Pastor Marc Likins
What is hope? A confident expectation that good is around the corner, a trust and belief that better days are ahead.
This is why 1 Corinthians 9:10 says when we plow a field — we do it with hope. We have a confident expectation that the work of plowing will pay off one day in the form of a harvest. Romans 8:24 says it more bluntly — “Hope that is seen is not hope.” Meaning, hope is future oriented.
2 Thessalonians 2 says that our hope is a gift from Jesus. Verses 16-17 say: Now our Lord Jesus Christ himself, and God, even our Father, which hath loved us, and hath given us everlasting consolation and good hope through grace. Jesus in His grace has given us not just any old hope, but a good hope — an excellent and distinguished hope.
This is crucial because we are shaped by our belief of what the future holds. If you really believe that your company’s future is doomed, you will look for another job. If you really believe you are going on vacation, you will begin to pack and prepare. If you really believe you can lay up treasure in heaven, you will be generous. If hope is so crucial, you can imagine that when you get an upgraded hope, a good hope, an excellent or distinguished hope — it is life changing.
The world needs hopeful hearts and homes, especially in times of despair and confusion. But, how do we become more hopeful? How do we begin to apply this excellent hope?
1. Look Way Up
Lamentations, though it is dark and despairing at times, includes an interesting moment about hope.
Chapter 3, verses 21-24, say: 21. This I recall to my mind, therefore have I hope. 22. It is of the LORD'S mercies that we are not consumed, because his compassions fail not. 23. They are new every morning: great is thy faithfulness. 24. The LORD is my portion, saith my soul; therefore will I hope in him. Though the speaker is desolate, despairing, and filled with bitterness, he will not let himself be consumed by what he is feeling. He stops and forces himself to remember how good God has been to him and how good God will be.
Often, our problem is not that we do not hope, but that we misdirect our hope to the wrong things or people. Our spouse, our kids, our political leaders do not offer the same promises and anchor for our souls because they can disappoint us. But, we can know that good is coming because of God.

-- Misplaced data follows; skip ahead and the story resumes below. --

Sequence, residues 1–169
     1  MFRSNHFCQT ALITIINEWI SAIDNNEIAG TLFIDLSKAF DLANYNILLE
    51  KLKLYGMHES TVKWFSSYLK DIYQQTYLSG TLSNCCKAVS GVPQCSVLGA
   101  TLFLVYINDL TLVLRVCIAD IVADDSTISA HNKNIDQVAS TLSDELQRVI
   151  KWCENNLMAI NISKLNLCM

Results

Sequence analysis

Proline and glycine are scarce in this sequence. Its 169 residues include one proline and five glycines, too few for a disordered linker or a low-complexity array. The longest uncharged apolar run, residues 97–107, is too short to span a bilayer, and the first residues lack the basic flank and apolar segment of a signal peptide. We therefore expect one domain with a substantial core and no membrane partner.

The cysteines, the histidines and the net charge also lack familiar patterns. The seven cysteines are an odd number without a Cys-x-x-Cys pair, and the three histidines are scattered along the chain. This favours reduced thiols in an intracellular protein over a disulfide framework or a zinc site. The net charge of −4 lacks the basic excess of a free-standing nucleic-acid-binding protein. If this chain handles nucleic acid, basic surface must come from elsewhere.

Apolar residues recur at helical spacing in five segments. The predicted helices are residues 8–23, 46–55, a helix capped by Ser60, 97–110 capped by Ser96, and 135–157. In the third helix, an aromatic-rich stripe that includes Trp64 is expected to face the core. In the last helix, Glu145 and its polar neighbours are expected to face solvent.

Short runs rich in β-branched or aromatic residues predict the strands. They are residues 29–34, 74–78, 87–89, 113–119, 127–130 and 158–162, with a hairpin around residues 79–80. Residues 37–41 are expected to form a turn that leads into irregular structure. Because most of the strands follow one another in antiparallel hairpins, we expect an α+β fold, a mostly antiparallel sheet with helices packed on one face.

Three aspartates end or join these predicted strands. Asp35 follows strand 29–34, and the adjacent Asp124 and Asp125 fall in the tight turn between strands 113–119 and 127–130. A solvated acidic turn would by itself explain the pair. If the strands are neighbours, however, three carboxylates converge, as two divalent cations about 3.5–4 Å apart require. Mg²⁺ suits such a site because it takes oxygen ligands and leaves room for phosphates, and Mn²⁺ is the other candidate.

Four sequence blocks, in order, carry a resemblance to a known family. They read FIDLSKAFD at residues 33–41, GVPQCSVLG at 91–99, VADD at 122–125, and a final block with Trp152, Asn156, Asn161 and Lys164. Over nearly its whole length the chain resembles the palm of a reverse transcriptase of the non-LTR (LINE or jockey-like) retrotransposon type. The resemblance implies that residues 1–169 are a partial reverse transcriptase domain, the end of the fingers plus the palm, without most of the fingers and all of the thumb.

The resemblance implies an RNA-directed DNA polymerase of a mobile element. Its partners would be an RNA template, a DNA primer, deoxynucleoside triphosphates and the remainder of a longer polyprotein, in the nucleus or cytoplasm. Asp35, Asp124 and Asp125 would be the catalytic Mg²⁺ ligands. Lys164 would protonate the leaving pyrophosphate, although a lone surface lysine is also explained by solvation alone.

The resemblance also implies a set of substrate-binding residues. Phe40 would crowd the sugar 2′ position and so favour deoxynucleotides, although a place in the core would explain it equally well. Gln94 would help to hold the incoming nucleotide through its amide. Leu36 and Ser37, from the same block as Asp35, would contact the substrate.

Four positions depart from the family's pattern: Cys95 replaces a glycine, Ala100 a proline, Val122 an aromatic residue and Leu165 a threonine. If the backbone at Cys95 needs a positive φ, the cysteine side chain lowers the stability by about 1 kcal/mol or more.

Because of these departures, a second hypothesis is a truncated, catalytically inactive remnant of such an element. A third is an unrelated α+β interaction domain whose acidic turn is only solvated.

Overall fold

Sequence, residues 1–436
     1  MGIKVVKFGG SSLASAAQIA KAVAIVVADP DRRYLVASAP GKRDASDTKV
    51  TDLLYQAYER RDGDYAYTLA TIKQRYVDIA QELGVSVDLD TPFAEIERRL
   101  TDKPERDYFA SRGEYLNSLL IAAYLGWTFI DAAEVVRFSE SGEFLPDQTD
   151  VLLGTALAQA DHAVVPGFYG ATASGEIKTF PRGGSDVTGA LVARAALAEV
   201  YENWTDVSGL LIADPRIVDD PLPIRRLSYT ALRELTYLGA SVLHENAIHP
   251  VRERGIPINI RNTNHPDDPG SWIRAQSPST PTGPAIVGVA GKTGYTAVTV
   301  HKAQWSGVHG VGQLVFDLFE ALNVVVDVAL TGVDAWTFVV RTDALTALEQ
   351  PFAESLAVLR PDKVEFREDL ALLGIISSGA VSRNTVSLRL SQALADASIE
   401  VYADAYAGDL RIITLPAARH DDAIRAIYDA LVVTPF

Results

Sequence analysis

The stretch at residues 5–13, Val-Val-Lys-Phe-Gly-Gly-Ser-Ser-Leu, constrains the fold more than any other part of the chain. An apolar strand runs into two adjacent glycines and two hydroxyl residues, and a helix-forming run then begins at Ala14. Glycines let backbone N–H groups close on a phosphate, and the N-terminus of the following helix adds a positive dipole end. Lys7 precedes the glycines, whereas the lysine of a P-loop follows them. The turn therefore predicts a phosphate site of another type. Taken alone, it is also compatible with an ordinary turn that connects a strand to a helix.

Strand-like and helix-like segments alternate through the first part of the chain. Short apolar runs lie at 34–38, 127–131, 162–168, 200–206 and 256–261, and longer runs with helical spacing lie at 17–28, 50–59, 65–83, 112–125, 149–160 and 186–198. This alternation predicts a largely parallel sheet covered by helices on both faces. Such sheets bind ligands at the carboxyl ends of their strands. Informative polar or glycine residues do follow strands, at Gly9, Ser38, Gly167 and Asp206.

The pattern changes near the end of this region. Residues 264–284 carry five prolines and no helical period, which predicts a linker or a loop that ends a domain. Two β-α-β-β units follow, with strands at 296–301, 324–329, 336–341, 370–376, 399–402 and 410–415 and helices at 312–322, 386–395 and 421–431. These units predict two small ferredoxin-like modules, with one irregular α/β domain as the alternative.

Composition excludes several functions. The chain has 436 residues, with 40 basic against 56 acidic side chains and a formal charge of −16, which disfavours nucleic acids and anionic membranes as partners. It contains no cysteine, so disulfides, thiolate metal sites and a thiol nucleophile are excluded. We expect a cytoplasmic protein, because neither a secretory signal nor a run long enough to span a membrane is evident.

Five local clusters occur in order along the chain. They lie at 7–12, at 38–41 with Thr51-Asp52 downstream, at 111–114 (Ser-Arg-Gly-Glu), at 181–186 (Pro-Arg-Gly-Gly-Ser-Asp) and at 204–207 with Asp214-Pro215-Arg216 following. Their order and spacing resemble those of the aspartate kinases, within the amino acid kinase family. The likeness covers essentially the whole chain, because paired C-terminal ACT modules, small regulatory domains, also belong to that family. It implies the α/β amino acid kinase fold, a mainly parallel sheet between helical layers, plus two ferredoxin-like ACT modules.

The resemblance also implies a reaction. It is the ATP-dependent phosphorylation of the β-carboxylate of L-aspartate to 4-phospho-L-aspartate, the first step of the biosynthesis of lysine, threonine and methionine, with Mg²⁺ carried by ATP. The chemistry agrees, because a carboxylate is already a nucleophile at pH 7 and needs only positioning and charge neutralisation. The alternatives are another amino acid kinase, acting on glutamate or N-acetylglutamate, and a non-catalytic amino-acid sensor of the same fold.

1 Peter 1:21: Who by him do believe in God, that raised him up from the dead, and gave him glory; that your faith and hope might be in God.
If you place your mind on hope only when you feel like it, you will never be a hopeful person. You must continually put the work in to remember to hope. Show up to the gym of God’s word, pick up the weight of hope, and begin to lift it.
2. Look Way Back
Romans 15:4: For whatsoever things were written aforetime were written for our learning, that we through patience and comfort of the scriptures might have hope.
The Bible, full of examples of saints in the past, brings hope. Hebrews chapter eleven’s entire message is that faith is the substance of things we hope for, like Abraham who left home by faith, Enoch who walked with God by faith, Noah who built a boat by faith. All of them hoped that something good was around the corner that God had promised.
Often when we despair, we are tempted to say that God gave up on us. Instead, we need to look back and see his love and goodness displayed throughout the Bible, and based on his promises, we can look forward and see his love and goodness in the future, even if we don’t see it now.
3. Look Way Ahead
We would be miserable if all our hope was wrapped up in this life alone. We hope forward, in the direction of eternity. Paul says in 1 Corinthians 15:19: If in this life only we have hope in Christ, we are of all men most miserable. We hope toward Jesus’ return that will happen one day. Titus 2:13: Looking for that blessed hope, and the glorious appearing of the great God and our Savior Jesus Christ.
We hope toward our home in heaven and what is laid up for us there. Colossians 1:5: For the hope which is laid up for you in heaven, whereof ye heard before in the word of the truth of the gospel.
Our ultimate hope is in the return of Jesus and our eternity with him in heaven — where all wrongs will be made right, all that is broken will be restored, righteousness and peace will prevail, and we will get to see God in all his glory.
Remember to be more mindful of the hope we have in Jesus, and when things seem dark, to look way up, way back, and way ahead.